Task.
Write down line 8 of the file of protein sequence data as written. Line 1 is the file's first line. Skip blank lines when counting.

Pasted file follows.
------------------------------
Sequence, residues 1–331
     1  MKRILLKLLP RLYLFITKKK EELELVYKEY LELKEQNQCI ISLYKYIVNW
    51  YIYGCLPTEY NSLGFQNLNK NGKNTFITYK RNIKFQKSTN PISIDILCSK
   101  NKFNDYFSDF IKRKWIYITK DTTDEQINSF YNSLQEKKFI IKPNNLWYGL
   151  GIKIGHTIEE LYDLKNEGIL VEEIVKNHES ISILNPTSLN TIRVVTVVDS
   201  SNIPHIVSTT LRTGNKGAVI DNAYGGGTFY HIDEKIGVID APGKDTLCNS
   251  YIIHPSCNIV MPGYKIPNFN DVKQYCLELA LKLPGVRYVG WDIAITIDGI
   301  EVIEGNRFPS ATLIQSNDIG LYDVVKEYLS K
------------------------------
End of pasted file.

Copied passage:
   301  EVIEGNRFPS ATLIQSNDIG LYDVVKEYLS K